• Height: 3-6′
  • Width: 3-6′
  • Bloom Time: Late Summer
  • Bloom Colour: White, brownish
  • Foliage Colour: Gray/purple
  • Pests and Disease: Rust, powdery mildew, leaf spot, snails, slugs
  • Landscape Uses: Beds, borders
  • Special Features: Attractive foliage, attracts butterflies
  • Zone: 4-6

Example Varieties:

May Apple

Named for it’s flowering time and not for it’s fruit the May Apple is a compact, wetland friendly perennial with small flowers that may hide amidst the large bright green leaves. All parts of the plant are toxic to eat including any unripened fruit that develop in the fall. Once the fruit has become over ripe they may be consumed and are considered to have a bitter, astringent flavour.

Common drugs containing salicyclic acid have podophyllum derivitatives and thus the plant is known medicinally as a topical plantars wart treatment and digested as an emetic.

May Apple

Podophyllum peltatum

  • Light Exposure: Sun
  • Soil Type: Wet, marshy
  • Height: 24″
  • Width: 24″
  • Bloom Time: Spring
  • Bloom Colour: White, rose/pink; Red berries in Fall
  • Foliage Colour: Green, hairy
  • Pests and Disease: Root rot, black spot
  • Landscape Uses: Beds, borders
  • Special Features: Fall colours
  • Zone: 4-6

Example Varieties:

Indian Grass

‘Sioux Blue’

This North American prairie grass loves things hot.  So much so that controlled burns are encourage to help renew it’s growth.  While that would only happen on a grander scale Indian Grass in the garden is popular because of it’s feathery upright blades of grass and soft brown plume like flower heads.  It turns a rich shade of gold and purple in the fall and is a popular choice in beautification projects.

Dived Indian grass in Spring to keep it tidy and to give you more plants to share elsewhere.

Indian Grass

Sorghastrum nutans

  • Light Exposure: Sun-partial shade
  • Soil Type: Moist, well draining
  • Height: 5-7′
  • Width: 16-32″
  • Bloom Time: n/a
  • Bloom Colour: n/a
  • Foliage Colour: Green
  • Pests and Disease: Aphids, mites, leaf spot, rust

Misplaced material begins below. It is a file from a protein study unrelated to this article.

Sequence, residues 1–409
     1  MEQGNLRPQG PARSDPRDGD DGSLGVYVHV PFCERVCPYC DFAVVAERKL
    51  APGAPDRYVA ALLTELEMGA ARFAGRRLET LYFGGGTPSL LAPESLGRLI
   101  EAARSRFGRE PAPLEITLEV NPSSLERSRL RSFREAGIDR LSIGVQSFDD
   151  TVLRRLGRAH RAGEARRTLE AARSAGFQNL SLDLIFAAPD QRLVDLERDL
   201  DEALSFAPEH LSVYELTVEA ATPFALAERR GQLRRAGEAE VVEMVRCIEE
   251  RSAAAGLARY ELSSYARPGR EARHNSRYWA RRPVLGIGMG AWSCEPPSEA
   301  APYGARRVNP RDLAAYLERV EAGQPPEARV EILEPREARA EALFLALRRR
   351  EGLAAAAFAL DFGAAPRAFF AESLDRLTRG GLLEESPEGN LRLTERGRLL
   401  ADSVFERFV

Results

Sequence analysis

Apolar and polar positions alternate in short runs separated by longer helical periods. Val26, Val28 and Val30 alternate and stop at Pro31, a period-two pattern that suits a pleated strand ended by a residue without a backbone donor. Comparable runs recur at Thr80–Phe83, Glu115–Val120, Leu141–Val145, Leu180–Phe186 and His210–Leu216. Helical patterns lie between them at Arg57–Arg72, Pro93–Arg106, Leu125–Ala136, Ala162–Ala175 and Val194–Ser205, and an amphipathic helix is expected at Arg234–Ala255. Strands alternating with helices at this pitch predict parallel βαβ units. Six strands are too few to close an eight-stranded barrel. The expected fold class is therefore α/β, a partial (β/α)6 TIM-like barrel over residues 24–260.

• Landscape Uses: Beds, borders
  • Special Features: Drought tolerant, attractive foliage
  • Zone: 5-10

Example Varieties:

Bloodroot

What makes Bloodroot incredibly unique is how the stemless flowers are actually one palmate basal leaf that unfurls as it blooms.  Native from Nova Scotia South to Florida and West to the Great Lakes it had traditionally been used as an antibacterial and anti-plaque in toothpaste.  The sap is toxic if ingested in large amounts but has been used as a topical anti inflammatory.  The blood root attracts ants who in turn spread the seeds of the plant to other areas of your garden.  If you want to keep it contained make sure you cut back any spent blooms.

You can divide this plant every year in the Spring.

Bloodroot

Sanguinaria canadensis

  • Light Exposure: Partial sun-shade
  • Soil Type: Rich, moist
  • Height: 8″
  • Width: 4″
  • Bloom Time: Spring
  • Bloom Colour: White, pink
  • Foliage Colour: Gray/green
  • Pests and Disease: Leaf spot, slugs
  • Landscape Uses: Beds, borders, groundcover
  • Special Features: Attractive foliage
  • Zone: 2-8

Example Varieties:

Sage

‘Purpurascens’

Edible Sage is probably one of my favorite herbs to have in the garden and the kitchen. You can fully harvest the plant up to three times ( once in it’s first establishing year) and each plant lasts about 4 to 5 years.  It doesn’t divide well so generally start your Sage using cuttings or seed.

In medieval times, Sage was used as a post meal digestive while Egyptian women drank Sage tea for fertility.  The flavours available go well past the classic with varieties that include orange, chocolate and pineapple.  These plants don’t enjoy heavy fertile soils so keep it out of your vegetable garden althoughwith it’s gray-green to burgundy leaves it would fit into any perennial garden with ease.

Sage

Salvia officinalis

  • Light Exposure: Sun
  • Soil Type: Well draining, moist
  • Height: 30″
  • Width: 36″
  • Bloom Time: Spring
  • Bloom Colour: White, purple, pink
  • Foliage Colour: Gray/green, purplish
  • Pests and Disease: Aphids, slugs, spider mites, thrips, leaf spot, rust, root rot, powdery mildew
  • Landscape Uses: Beds, borders
  • Special Features: Attractive foliage, dried, fragrant
  • Zone: 5-10

Example Varieties: